Airflow is critical to the performance of forced-air systems. Without enough airflow, a furnace, heat pump, or air conditioner will struggle to deliver adequate heating and cooling. Poor airflow also drives up energy costs and shortens the life of parts like fans, heat exchangers, and compressors.
The blower fan provides the force that moves air through the duct system and living space. A fan’s ability to move air depends on how much resistance it encounters. One way to gauge this resistance is by measuring the pressures generated in the ductwork while the fan is running. These measurements—known as static pressures—can yield powerful insights: Is the fan operating within its design parameters? How much air is it moving? What components of the duct system create the most resistance?
These measurements are an important tool for commissioning, servicing, and troubleshooting forced-air systems and for learning what works and what doesn’t. Energy auditors, home energy raters, and HVAC technicians already own most of the tools they need to get started. In Part One of this two-part series, I’m going to explain static pressures, then walk readers through measuring Total External Static Pressure (TESP). In Part Two, we’ll use TESP to estimate system airflow. We’ll then see how additional static pressure measurements can help us locate and fix system components contributing to airflow problems.
What is static pressure?
The atmosphere surrounds and exerts pressure on us. At sea level, this pressure is about 14.7 pounds per square inch (psi). Fans move air by creating zones of slightly higher and lower pressure. Most furnaces and air handlers use centrifugal or “squirrel cage” fans. In these fans, the rotation of the blades creates a low-pressure zone in the center of the fan and a high-pressure zone at its outlet…
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Jon, I wish this series had come out a few months ago. I had to piece this information together from a variety of sites, and eventually purchased a differential magnahelic gauge in hand to understand the procedures to balance my system. Your set of articles on this topic will likely be an excellent “goto” series when folks ask these questions here. Great work stepping through the topics so far in clear and concise language.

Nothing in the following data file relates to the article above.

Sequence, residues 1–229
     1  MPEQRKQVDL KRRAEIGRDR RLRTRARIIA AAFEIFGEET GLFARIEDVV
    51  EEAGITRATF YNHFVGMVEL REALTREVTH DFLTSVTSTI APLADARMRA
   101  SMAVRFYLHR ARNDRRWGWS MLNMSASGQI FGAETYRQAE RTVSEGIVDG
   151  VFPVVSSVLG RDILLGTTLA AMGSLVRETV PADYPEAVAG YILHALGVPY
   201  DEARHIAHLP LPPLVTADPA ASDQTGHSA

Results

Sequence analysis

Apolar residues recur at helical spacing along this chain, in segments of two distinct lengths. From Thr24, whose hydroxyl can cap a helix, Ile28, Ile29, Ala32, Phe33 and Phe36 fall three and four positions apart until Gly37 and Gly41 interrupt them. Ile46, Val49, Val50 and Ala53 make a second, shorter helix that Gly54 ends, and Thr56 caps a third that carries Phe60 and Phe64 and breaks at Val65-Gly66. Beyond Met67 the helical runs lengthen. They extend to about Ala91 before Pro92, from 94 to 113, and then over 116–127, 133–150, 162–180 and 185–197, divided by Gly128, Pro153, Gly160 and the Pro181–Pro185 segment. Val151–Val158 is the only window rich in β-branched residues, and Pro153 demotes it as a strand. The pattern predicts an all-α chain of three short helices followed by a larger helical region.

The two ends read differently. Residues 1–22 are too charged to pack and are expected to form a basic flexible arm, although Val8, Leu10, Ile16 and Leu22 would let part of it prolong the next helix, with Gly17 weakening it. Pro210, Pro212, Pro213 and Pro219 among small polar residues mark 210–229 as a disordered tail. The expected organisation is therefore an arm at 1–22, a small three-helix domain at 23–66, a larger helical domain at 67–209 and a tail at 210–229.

Balancing ERV/HRV topics come up quite often in the Q/A so if you’re looking for suggestions for future articles….
Couldn't agree more. Jon's articles are consistently packed with clearly explained, useful information. I keep them all for future reference.
Thank you both! I'll add ERV/HRV balancing to my list of future topics.
Thanks, Jon. One question for you:
"If in doubt about where to place your probes for TESP measurements, remember that you are testing the furnace or air handler 'as shipped.'"
Since a heat pump is "shipped" with a coil, do you exclude the pressure drop over the coil from the "TESP" calculation? Such that your TESP measurement for a heat pump would use test ports 2 and 4 in your labeled figure?
The second diagram, with just three test ports, represents the typical all-electric heat pump. The blower and the refrigerant coil are in the same cabinet, and TESP is the pressure difference between the inlet and the outlet of that box.
The first diagram is for a fossil fuel furnace with an add-on refrigerant coil. This could either be a furnace with conventional AC or a dual-fuel system (furnace with add-on heat pump coil). Since the furnace could be installed with or without the coil, the TESP rating is taken at the inlet and outlet of the furnace itself (ports 2 & 3). If we had a furnace with no external coil, we wouldn't need port #4--we'll use it to measure the pressure drop across the external coil, which can add a lot to the supply-side static reading.
Ah, thanks. Somehow I overlooked that second diagram!
I always feel like I learn so much from reading Jon’s articles. Can’t wait for part 2, and that future ERV/HRV balancing article.
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